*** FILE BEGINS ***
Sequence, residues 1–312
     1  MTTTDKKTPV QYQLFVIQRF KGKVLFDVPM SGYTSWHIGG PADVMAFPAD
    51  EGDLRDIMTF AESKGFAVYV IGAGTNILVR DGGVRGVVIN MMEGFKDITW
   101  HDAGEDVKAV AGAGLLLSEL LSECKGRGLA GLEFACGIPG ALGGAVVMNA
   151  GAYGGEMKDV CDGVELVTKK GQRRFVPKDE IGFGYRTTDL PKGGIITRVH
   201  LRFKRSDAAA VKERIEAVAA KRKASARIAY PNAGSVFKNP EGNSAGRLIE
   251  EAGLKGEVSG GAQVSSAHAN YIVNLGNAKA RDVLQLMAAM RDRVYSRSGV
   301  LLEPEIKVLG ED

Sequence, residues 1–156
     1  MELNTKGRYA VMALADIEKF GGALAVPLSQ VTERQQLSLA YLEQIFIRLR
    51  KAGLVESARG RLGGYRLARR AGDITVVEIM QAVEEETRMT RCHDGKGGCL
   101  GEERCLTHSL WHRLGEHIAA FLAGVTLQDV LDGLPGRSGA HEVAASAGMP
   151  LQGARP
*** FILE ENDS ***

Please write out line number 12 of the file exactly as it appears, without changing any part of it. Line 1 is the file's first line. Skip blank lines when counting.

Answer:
   101  GEERCLTHSL WHRLGEHIAA FLAGVTLQDV LDGLPGRSGA HEVAASAGMP